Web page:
The India HIV Estimation 2019 report notes that the estimated adult HIV prevalence rate in the 15-49 age group has been decreasing since the epidemic peaked in the year 2000 and has been stabilising in recent years. India's epidemic has been limited to key affected populations, including sex workers and men who have sex with men and intravenous drug users.
Based on these statistical measures, states are ranked. Rather than naming and shaming persons, groups and states, it is better to provide care and support to people living with HIV.
The question is not how someone has acquired HIV, but the concern is how we can provide care and treatment, including antiretroviral therapy, to the affected people, and how we can prevent HIV transmission from one person to another.
The National AIDS Control Programme has made particular efforts to reach high-risk groups with HIV interventions. Compared with neighbouring countries, India has made good progress in reducing new HIV infections by half since 2000.
Despite efforts to develop non-discriminatory policies and educational programmes, people living with HIV still experience discrimination -- within families, in healthcare settings, and at workplaces and educational institutions.
This year's World AIDS Day theme is 'End Inequalities. End AIDS. End Pandemics.' Post-Covid, we seem to have forgotten the 2.1 million people living with HIV in India.
This World AIDS Day, UNAIDS has highlighted the urgent need to end inequalities that drive AIDS and other pandemics around the world. Despite free antiretroviral treatment being available, the uptake remains low, as many people face difficulties in accessing clinics; post-COVID lockdowns also have taken their toll.
Without bold action against disparities, the world risks missing the target to end AIDS by 2030. I have heard from my People Living with HIV (PLHIV) friends that post-Covid, people living with HIV are pushed back.
The disruption to antiretroviral treatment (ART), the loss of jobs and the absence of access to health insurance are real fears that engulf people living with HIV and their caretakers. Although the priority at present is to fight against Covid-19, we cannot forget the AIDS epidemic that India, along with the rest of the world, has been fighting for more than 30 years.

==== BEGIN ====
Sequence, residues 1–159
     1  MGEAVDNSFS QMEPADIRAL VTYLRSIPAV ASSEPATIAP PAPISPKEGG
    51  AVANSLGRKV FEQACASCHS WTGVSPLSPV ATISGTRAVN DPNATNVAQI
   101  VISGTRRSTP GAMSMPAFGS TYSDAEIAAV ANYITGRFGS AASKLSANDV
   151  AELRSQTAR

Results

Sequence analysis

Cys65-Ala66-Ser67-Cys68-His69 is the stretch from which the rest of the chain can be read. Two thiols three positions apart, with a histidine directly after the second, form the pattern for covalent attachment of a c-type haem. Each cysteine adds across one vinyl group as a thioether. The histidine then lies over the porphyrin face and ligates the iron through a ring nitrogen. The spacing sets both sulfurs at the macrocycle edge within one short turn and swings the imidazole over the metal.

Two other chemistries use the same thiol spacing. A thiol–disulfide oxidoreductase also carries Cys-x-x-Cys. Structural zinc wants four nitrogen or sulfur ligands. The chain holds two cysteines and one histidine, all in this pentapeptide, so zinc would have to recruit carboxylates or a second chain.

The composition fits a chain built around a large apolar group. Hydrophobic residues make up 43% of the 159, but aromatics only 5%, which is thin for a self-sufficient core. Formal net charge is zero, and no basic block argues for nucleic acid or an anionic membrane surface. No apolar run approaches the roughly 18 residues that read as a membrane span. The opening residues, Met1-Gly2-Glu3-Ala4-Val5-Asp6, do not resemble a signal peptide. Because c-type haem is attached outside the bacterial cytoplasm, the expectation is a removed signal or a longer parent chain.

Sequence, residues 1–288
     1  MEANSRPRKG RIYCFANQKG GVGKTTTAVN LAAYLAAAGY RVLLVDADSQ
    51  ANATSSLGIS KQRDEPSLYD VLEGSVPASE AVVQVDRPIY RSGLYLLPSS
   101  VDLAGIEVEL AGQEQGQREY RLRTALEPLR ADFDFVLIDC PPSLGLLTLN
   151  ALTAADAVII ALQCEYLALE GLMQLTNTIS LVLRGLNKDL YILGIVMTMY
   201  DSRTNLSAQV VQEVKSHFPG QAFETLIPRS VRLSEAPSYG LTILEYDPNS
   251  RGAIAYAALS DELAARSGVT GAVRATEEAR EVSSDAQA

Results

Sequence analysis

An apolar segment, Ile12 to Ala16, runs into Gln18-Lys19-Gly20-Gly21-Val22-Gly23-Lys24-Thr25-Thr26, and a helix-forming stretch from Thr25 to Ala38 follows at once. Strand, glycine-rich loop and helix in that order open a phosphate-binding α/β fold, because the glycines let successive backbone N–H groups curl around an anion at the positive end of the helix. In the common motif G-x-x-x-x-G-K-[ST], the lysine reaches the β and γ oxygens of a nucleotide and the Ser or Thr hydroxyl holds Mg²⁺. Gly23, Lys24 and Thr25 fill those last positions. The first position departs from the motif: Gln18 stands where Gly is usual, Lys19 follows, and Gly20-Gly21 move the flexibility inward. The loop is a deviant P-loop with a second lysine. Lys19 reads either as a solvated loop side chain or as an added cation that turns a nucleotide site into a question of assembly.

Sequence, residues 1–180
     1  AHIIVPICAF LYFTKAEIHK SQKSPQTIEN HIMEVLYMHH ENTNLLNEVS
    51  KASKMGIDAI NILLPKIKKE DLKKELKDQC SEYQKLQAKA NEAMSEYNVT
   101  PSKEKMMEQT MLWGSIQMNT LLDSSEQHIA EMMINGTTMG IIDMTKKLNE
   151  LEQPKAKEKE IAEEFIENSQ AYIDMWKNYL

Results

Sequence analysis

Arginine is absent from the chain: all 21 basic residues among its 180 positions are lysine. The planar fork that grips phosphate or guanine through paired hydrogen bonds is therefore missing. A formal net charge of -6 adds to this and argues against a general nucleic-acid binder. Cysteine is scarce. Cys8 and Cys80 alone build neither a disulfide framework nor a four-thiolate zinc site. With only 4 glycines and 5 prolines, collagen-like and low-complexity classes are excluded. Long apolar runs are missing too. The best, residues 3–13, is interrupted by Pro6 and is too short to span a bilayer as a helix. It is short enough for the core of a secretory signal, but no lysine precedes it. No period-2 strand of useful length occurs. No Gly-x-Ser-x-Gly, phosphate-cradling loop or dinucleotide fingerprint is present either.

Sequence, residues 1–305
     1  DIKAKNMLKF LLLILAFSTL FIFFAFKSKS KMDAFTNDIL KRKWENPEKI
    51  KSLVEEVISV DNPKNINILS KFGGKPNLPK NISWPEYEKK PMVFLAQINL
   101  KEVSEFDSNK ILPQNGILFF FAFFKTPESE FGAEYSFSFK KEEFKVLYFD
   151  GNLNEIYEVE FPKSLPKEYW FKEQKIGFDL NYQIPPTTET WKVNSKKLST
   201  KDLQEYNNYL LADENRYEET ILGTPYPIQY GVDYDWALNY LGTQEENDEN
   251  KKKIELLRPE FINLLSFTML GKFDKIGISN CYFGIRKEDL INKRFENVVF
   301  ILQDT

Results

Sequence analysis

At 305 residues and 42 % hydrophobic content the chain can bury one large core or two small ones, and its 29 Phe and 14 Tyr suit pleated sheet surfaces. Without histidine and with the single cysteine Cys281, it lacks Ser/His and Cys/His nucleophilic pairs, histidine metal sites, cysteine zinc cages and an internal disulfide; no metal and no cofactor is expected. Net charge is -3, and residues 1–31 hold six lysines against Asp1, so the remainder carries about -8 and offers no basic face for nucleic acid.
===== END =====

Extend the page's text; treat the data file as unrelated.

This need and approach should be that the gains made in fighting AIDS are not lost. We must address the issues being faced by people living with HIV in this health emergency. In recent years, however, we have seen a deterioration in funding for HIV causes.
Resources in low- and middle-income countries have been decreasing. To get the global AIDS response back on course, UNAIDS is calling for yearly HIV investments in low- and middle-income countries to rise to a peak of $29 billion by 2025.
There is now more awareness and options than ever before to reduce the risk of acquiring or transmitting HIV. Important questions, however, continue to linger: 1. Will people living with HIV continue to receive their ART?
2. Will people living with HIV show up with Covid-19 symptoms in a health-care setting get the same treatment as others?
3. Will people living with HIV who lose their jobs and livelihoods because of Covid-19 be taken care of?
4. Will they be able to resume their work when the situation normalises and have access to adequate social protection?
We should show our support for the red ribbon, the global symbol for solidarity with HIV-positive people, not just on World AIDS Day. HIV still threatens the world, not due to a lack of knowledge or tools, but because of structural inequalities that obstruct proven solutions to HIV prevention and treatment.
The pledge of the UN Sustainable Development Goals to leave no one behind has been built around the principle of protecting the human rights of all, including the rights of PLHIV to work, to earn a livelihood and to medicines. They must not be forgotten during this pandemic.
Debates and discussions on HIV estimates don't mean much. Social protection schemes and policies for people living with HIV make a real difference. HIV infection is preventable and prevention is the cure. The response, however, cannot be led solely by the Ministry of Health and Family Welfare. It has to be a multi-sectoral effort, for HIV impacts everyone.
The global lesson is that stigma and discrimination have to be fought if prevention programmes are to succeed. So, if one has to commit to the World AIDS Day message of 'End Inequalities. End AIDS. End Pandemics', one has to adopt a multi-pronged approach.
(Dr Manorama Bakshi heads the public health advocacy group, Consocia Advisory, and Dr Praveen Aggarwal is its Director and Co-Founder.)